Trust and accountability in local government are to come under the scrutiny of the Committee on Standards in Public Life. It has announced that the subject of its twelfth inquiry will be ‘Local Leadership and Public Trust: Accountability and Transparency in London and Local Government’.
It will study structures and models within local government across the United Kingdom and in London. It will also examine the ways that decisions are made and scrutinised, how office holders are held to account and whether the different models of local government command public trust.
An issues and questions paper will be published by the Committee in the next few weeks along with a call for written evidence from interested parties. It will then stage a series of hearings across the country in the New Year with the intention of publishing its report next autumn.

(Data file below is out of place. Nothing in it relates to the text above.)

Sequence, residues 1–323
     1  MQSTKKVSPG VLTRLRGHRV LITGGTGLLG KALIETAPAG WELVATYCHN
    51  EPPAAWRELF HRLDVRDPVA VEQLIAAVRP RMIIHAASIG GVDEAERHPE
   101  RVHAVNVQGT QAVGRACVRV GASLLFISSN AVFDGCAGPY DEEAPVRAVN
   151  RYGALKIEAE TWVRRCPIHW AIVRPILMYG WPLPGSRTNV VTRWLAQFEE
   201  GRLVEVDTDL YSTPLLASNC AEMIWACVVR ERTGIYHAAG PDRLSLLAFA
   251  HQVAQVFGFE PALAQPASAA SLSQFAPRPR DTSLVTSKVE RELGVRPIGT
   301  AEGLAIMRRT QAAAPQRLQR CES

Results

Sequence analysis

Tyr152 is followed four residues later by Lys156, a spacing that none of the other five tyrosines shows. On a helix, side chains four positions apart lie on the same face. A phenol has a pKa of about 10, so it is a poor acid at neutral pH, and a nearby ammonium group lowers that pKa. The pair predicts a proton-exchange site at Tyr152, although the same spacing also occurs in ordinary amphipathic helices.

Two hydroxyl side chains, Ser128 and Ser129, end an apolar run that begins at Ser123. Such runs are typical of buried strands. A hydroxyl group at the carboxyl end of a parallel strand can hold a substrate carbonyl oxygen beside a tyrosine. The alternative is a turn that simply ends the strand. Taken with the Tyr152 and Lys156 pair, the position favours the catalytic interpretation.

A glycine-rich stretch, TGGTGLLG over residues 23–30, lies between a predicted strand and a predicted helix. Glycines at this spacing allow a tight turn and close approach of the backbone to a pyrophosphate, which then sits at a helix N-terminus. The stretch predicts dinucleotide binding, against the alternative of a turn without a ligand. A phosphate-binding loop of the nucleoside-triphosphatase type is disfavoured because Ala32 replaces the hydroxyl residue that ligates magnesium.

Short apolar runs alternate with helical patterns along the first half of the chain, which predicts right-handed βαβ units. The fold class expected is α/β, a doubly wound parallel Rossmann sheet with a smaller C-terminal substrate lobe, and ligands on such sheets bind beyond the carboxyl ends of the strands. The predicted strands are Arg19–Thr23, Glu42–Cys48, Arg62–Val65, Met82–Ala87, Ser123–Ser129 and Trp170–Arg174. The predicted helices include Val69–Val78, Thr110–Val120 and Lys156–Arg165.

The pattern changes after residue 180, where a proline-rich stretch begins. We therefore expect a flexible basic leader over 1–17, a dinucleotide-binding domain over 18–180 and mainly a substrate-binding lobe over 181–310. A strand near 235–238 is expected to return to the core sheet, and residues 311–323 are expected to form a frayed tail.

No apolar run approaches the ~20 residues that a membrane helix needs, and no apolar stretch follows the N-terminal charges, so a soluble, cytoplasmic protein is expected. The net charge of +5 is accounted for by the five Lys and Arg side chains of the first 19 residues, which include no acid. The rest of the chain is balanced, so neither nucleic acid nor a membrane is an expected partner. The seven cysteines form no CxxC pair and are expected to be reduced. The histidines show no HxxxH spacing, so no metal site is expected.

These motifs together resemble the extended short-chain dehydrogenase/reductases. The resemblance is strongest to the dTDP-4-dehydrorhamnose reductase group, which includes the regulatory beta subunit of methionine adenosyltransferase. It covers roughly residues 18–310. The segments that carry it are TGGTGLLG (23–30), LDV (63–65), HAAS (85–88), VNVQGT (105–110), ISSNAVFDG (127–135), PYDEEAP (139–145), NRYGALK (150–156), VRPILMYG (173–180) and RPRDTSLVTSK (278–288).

Sir Christopher Kelly, who chairs the Committee, said he was keen to look at the new structures put in place at the start of the decade to see if they had achieved their aims of promoting better leadership and greater accountability as well as raising standards and improving public trust. “As well as looking at the Mayoral system in London, we will be looking at the other twelve directly elected Mayor models, the Cabinet system within some local councils, and the Committee structure found in others, to see how they work within the constitutional and ethical landscape,” he explained.
The Committee felt that this was the right time for the inquiry as the changes had been in place for eight years. “We will want to assess how well local government structures reflect, both in theory and in practice, the Seven Principles of Public Life,” Sir Christopher said and added, “Local government matters. It spends billions of pounds and is responsible for so many of the local services required by all of us. The Committee will want to explore whether the structures are as good as they might be to ensure robust decision-making that commands public confidence and trust.”